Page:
Wednesday, April 8, 2015

G562 Book Review of The Witch of Painted Sorrows by MJ Rose

Name of Book: The Witch of Painted Sorrows

Author: M.J Rose

ISBN: 978-1-4767-7806-8

Publisher: Atria

Type of book: 1895, Belle Epoque, France, marriage, infidelity, French culture, art school, arts, esoteric matters, body posession, secrets, grandmother/granddaughter relationship, running away, breaking traditions

Year it was published: 2015


Possession. Power. Passion. New York Times bestselling novelist M. J. Rose creates her most provocative and magical spellbinder yet in this gothic novel set against the lavish spectacle of 1890s Belle Époque Paris.

Sandrine Salome flees New York for her grandmother’s Paris mansion to escape her dangerous husband, but what she finds there is even more menacing. The house, famous for its lavish art collection and elegant salons, is mysteriously closed up. Although her grandmother insists it’s dangerous for Sandrine to visit, she defies her and meets Julien Duplessi, a mesmerizing young architect. Together they explore the hidden night world of Paris, the forbidden occult underground and Sandrine’s deepest desires.

Among the bohemians and the demi-monde, Sandrine discovers her erotic nature as a lover and painter. Then darker influences threaten—her cold and cruel husband is tracking her down and something sinister is taking hold, changing Sandrine, altering her. She’s become possessed by La Lune: A witch, a legend, and a sixteenth-century courtesan, who opens up her life to a darkness that may become a gift or a curse.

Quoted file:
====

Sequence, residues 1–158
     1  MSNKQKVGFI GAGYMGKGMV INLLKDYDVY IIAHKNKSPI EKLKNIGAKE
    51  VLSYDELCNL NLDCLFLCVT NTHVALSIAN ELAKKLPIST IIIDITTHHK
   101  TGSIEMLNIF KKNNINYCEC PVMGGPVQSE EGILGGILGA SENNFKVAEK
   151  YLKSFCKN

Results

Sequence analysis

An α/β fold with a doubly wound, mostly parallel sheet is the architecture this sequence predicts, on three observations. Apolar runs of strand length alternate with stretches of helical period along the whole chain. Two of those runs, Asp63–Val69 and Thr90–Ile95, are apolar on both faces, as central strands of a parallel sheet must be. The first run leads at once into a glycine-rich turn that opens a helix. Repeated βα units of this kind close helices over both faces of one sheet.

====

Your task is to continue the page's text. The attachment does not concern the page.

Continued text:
This is Sandrine’s “wild night of the soul,” her odyssey in the magnificent city of Paris, of art, love, and witchery.


The main characters include Sandrine, a woman running away from her marriage. She appears in France and begins to hang out with her grand-mere who happens to be a famous courtesan. Salome then allows for an ancient spirit to inhabit her body, and despite the audience's and grand-mere's wish, she seems to be reluctant to let it go. Other characters include Salome's grandmother who knows hidden secrets about the ancient power that decides to inhabit Salome, and Julian, an architect who is engaged but falls in love with Salome, as she does with him. The most important character, however is the spirit herself and what she wants and her desires as well as her story.


Its hard to go back


The story is written in first person narrative from Sandrine's point of view. In beginning there is invocation of beauty of the Belle Epoque of Paris and of where Salome finds herself located at. But then, just as the reader begins to develop a plateau for the place and time, new elements become consistently introduced which means that the reader has to readjust their plateau. Little by little, with hardly any notice or warning, the reader then starts descending into madness along with Salome, which create amazing plot twists where I didn't know where the story was going with this.

Author Information:
(From HFVBT)

Buy the Book

About the Author03_M.J. Rose Author

M.J. Rose grew up in New York City mostly in the labyrinthine galleries of the Metropolitan Museum, the dark tunnels and lush gardens of Central Park and reading her mother’s favorite books before she was allowed.
She is the author of more than a dozen novels, the co-president and founding board member of International Thriller Writers and the founder of the first marketing company for authors: She lives in Greenwich, Connecticut. Visit her online at